It is the second time Mr Madden has been censured by Parliament and reportedly the first time in 100 years that a Victorian minister has been received two no-confidence motions by the Parliament. Mr Madden was censured last year for his involvement in the Brimbank Council saga.

Mr Madden has denied any involvement in the production of the document, calling it a "brainstorming document" made entirely by his media adviser.

Opposition MP David Davis told the Upper House that Mr Madden had damaged public confidence in the planning system. "He has allowed things to occur in his office which are unacceptable," he said.

A parliamentary inquiry into the Minister's handling of the Windsor Hotel project is due to commence today.

  • Written by Urbanalyst
  • Category: Victoria

Barangaroo development formalised by Lend Lease

LEND Lease last week announced that it has signed the project development agreement with the Barangaroo Delivery Authority (BDA). In the announcement last Friday, Lend Lease said it had reached a milestone on Stage 1 of Barangaroo, with the agreement formalising Lend Lease's contract with the BDA for the $6 billion development of the harbour front site.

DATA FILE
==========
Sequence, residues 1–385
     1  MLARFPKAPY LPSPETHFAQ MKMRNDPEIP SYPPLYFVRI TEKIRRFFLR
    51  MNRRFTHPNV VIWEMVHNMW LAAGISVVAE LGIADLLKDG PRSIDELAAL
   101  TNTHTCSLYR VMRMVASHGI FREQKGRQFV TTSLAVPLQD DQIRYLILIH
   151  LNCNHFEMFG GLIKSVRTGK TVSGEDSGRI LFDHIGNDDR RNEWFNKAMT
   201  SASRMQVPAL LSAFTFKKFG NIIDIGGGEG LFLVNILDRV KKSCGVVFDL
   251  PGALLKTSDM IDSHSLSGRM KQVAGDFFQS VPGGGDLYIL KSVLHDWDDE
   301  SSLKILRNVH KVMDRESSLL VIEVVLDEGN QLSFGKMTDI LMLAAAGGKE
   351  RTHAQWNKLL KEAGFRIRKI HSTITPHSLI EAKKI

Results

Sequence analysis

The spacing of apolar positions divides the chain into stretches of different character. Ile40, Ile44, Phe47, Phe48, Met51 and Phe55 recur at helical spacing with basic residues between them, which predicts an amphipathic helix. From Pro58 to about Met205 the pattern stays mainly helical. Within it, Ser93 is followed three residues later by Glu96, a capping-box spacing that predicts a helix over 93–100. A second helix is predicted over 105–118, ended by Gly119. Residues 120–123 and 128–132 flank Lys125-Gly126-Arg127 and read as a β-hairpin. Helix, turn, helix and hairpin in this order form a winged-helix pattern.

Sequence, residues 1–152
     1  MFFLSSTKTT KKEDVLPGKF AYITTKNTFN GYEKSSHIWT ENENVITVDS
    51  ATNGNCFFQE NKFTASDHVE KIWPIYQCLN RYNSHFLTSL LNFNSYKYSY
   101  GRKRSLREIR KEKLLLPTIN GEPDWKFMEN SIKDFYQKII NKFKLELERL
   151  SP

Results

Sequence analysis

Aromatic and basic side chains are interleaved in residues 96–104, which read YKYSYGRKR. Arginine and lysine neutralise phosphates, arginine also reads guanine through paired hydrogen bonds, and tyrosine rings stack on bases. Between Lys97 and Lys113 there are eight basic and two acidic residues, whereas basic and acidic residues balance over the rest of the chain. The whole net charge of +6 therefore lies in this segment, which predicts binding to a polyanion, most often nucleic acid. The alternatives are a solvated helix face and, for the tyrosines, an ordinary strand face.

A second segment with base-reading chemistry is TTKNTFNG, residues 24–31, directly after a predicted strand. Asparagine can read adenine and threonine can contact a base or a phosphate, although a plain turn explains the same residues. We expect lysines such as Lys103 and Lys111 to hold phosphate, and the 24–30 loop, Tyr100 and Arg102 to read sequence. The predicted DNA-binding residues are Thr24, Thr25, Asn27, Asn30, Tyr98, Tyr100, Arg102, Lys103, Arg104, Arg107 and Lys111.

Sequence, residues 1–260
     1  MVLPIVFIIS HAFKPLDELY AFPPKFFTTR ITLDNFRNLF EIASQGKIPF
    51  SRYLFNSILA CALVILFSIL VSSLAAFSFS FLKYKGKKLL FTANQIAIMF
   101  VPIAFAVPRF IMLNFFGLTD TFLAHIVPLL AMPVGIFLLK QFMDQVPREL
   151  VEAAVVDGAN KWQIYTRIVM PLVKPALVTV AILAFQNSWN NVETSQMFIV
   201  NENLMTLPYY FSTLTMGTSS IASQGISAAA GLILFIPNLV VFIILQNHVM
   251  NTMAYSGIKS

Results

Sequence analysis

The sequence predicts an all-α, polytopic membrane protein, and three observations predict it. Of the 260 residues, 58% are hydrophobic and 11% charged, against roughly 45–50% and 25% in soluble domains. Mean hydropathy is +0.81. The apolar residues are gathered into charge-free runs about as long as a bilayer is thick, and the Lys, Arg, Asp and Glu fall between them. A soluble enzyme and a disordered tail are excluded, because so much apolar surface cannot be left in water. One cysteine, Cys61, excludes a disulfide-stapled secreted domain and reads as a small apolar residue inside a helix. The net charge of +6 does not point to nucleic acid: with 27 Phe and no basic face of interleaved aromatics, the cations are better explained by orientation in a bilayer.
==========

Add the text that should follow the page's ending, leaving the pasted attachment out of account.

Lend Lease said that detailed project development documentation has been completed since Lend Lease was announced as the preferred developer by the NSW Government in December 2009. Last month the BDA placed the Barangaroo master plan on public display. Lend Lease said it is expecting to submit the first of its planning applications within the next few months. Any changes to the current approved Barangaroo Concept Plan are subject to a formal planning approval process.